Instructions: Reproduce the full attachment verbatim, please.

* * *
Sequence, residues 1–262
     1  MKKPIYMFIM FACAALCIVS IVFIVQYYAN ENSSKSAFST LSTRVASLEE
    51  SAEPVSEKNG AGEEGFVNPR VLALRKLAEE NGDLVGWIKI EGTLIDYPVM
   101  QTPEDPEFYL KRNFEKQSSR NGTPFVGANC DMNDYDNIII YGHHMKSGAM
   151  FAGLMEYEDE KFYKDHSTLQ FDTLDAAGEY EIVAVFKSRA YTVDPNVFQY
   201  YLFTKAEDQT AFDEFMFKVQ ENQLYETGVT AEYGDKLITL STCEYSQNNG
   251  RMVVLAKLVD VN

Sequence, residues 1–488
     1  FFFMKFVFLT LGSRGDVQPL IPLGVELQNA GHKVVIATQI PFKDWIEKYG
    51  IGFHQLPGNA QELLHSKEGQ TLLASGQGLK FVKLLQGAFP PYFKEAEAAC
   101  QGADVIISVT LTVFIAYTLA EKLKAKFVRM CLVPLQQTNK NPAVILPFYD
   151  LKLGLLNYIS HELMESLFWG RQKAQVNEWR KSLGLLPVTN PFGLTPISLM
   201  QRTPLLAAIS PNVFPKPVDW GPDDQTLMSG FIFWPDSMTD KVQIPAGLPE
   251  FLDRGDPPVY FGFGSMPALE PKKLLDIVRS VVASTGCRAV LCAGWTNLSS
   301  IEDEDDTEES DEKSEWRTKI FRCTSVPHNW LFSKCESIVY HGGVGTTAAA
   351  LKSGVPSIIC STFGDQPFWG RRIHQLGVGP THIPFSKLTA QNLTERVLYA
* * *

Sequence, residues 1–262
     1  MKKPIYMFIM FACAALCIVS IVFIVQYYAN ENSSKSAFST LSTRVASLEE
    51  SAEPVSEKNG AGEEGFVNPR VLALRKLAEE NGDLVGWIKI EGTLIDYPVM
   101  QTPEDPEFYL KRNFEKQSSR NGTPFVGANC DMNDYDNIII YGHHMKSGAM
   151  FAGLMEYEDE KFYKDHSTLQ FDTLDAAGEY EIVAVFKSRA YTVDPNVFQY
   201  YLFTKAEDQT AFDEFMFKVQ ENQLYETGVT AEYGDKLITL STCEYSQNNG
   251  RMVVLAKLVD VN

Sequence, residues 1–488
     1  FFFMKFVFLT LGSRGDVQPL IPLGVELQNA GHKVVIATQI PFKDWIEKYG
    51  IGFHQLPGNA QELLHSKEGQ TLLASGQGLK FVKLLQGAFP PYFKEAEAAC
   101  QGADVIISVT LTVFIAYTLA EKLKAKFVRM CLVPLQQTNK NPAVILPFYD
   151  LKLGLLNYIS HELMESLFWG RQKAQVNEWR KSLGLLPVTN PFGLTPISLM
   201  QRTPLLAAIS PNVFPKPVDW GPDDQTLMSG FIFWPDSMTD KVQIPAGLPE
   251  FLDRGDPPVY FGFGSMPALE PKKLLDIVRS VVASTGCRAV LCAGWTNLSS
   301  IEDEDDTEES DEKSEWRTKI FRCTSVPHNW LFSKCESIVY HGGVGTTAAA
   351  LKSGVPSIIC STFGDQPFWG RRIHQLGVGP THIPFSKLTA QNLTERVLYA